"How long do you intend for us to stay here in Las Vegas?" I asked, watching Myrla pull on a yellow tank top.
She glanced at me out of the corner of her eye. "I'm not sure. Aiden hasn't mentioned when he and the guys will be heading home."
I settled myself upon the couch and curled my legs beneath me. "You should ask him."
Myrla finished putting on her make-up. She dropped the tube of lipstick, the eyeshadow palette, and the small bottle of DKNY perfume back into her toiletry bag. Her eyes closed. She loosened her shoulders and flailed her arms in the air for several minutes. Opening her eyes, she turned and faced me.
"Chance, you know I can't."
I sighed and pulled one of the cushions into my arms. "You can, but you won't. The thought of leaving Aiden behind scares you."
"Of course, it does. He's the first guy who's treated me like I matter."
I understood the way she felt. Dillon made me feel the same way, too. Unfortunately, we couldn't keep running in their shadows. She had to realize that the guys were nothing more than a set distraction. The two of us were nothing more than two girls they'd picked up along the way. Groupies, that's what we were.
Her mouth thinned to a tight line. She shook her head and scrunched her eyes closed.
"I know what you're thinking."
Myrla's eyes popped open. A bright sheen of moisture shone in her eyes.
"We're not groupies," she whispered, her voice cracking with emotion.
"Yes, we are."
"No, we're not. Haven't you noticed the way they treat us? We matter, Chance."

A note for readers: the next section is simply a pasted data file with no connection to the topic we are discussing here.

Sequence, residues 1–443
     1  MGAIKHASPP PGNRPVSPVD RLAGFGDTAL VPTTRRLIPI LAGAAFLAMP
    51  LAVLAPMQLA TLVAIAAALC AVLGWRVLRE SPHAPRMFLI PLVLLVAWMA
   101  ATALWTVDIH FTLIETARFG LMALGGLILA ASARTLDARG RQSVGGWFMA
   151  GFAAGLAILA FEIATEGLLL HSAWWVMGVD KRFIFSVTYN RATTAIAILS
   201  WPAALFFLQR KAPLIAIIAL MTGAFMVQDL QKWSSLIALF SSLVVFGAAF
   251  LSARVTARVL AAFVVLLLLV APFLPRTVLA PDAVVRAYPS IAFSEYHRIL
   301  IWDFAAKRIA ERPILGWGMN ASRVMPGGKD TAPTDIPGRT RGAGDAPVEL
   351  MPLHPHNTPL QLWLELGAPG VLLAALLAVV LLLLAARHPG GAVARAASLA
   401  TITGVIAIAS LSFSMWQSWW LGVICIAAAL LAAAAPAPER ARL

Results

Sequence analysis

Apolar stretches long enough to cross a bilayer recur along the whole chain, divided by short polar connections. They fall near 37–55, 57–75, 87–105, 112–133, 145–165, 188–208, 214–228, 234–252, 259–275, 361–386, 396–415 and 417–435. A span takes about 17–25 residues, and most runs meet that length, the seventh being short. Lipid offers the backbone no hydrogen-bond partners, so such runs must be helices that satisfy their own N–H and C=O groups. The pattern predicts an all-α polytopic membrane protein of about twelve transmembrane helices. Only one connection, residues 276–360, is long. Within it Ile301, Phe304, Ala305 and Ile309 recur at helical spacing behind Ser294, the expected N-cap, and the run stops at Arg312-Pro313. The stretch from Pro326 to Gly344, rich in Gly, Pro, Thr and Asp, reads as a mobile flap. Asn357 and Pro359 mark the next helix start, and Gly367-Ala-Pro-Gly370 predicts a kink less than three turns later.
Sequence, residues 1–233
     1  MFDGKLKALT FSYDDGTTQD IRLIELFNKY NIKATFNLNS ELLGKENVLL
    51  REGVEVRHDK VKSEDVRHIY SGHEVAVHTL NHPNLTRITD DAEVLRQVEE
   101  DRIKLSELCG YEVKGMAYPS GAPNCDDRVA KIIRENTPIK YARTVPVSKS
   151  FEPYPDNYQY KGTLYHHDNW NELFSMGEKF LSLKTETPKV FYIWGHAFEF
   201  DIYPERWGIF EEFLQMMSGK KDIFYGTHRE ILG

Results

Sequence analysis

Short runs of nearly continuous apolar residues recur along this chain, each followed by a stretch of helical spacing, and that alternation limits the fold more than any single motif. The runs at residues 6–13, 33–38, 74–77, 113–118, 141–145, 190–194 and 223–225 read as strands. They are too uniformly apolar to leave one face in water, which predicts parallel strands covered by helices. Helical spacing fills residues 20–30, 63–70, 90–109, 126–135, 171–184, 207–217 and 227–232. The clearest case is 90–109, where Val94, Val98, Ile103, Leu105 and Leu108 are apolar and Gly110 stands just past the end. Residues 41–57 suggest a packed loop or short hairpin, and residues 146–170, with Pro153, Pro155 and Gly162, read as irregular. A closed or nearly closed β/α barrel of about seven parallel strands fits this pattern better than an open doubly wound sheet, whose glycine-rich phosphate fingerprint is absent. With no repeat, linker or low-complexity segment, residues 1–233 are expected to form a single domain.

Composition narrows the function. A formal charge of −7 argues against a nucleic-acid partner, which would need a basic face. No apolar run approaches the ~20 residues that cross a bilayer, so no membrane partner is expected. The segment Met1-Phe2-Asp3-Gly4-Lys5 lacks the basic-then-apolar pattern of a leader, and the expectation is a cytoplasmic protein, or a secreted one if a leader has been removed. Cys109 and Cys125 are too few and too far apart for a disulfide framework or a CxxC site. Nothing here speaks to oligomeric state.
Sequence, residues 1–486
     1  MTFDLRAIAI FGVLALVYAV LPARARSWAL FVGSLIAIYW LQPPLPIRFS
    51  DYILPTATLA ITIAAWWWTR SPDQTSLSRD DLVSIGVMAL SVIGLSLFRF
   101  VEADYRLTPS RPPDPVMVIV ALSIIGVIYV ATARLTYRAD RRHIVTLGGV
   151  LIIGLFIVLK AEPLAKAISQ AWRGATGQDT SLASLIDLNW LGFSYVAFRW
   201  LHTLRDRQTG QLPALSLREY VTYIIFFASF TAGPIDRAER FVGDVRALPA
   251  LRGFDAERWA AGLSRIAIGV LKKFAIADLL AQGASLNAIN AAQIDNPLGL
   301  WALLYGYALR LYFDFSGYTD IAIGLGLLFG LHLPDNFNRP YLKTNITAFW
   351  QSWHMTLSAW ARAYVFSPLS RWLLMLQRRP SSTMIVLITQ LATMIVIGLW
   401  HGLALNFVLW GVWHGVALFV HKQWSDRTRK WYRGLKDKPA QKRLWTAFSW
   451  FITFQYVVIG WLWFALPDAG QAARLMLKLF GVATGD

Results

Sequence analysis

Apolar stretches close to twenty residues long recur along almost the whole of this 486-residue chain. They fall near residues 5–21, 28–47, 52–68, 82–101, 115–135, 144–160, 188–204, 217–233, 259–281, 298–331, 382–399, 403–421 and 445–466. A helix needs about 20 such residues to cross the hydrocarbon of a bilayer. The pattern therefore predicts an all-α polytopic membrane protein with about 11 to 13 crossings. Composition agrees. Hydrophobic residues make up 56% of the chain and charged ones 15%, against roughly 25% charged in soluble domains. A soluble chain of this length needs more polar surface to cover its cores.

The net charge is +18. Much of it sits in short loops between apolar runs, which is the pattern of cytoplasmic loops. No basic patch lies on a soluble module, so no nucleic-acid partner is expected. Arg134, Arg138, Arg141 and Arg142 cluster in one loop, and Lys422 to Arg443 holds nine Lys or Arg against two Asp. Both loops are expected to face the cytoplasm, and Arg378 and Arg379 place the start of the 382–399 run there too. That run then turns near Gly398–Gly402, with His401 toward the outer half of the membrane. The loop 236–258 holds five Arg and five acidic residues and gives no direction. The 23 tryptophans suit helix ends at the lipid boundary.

I settled my chin across the back of my right hand. "Sweetie, who's to say this is how they treat all the women they surround themselves with? We don't know how any of this works. Their world . . . It's nothing like ours. If I'm going to be honest, we're way out of their league. Our beginnings are simple. Theirs . . . they've got money out the wazoo. They do what they wish, when they wish."
Myrla dropped onto the recliner. She leaned forward, her hair falling across her brow.
"I hate it when you're right," she said, and sniffled.
My heart raced. "Are you . . . crying?"
"Liar," I said, tossing the cushion aside and sliding off the couch.
I sat down on the recliner's armrest and pulled her against me. "It's going to be okay, Myrla. You'll see."
She wrapped her arms around my waist. "I know. I just . . ."
"You wanted something good to come out of this."
She nodded and looked up. "You can't deny it's been fun. They're crazy, sometimes, but they do have fun whenever they get together."
I jerked my head at her in acknowledgment. "Yes, it has. But . . ."
"This distraction with the guys is only temporary. At some point, we'll have to go back to the lives we've been leading."
Myrla let go of me and leaned back against the recliner. She shook her head.
"You can't hide here in Las Vegas forever."
A muscle twitched along her lower jaw. "I'm not. I just want to spend as much time with Aiden before we all go our separate ways. Surely, you want to do the same with Dillon?"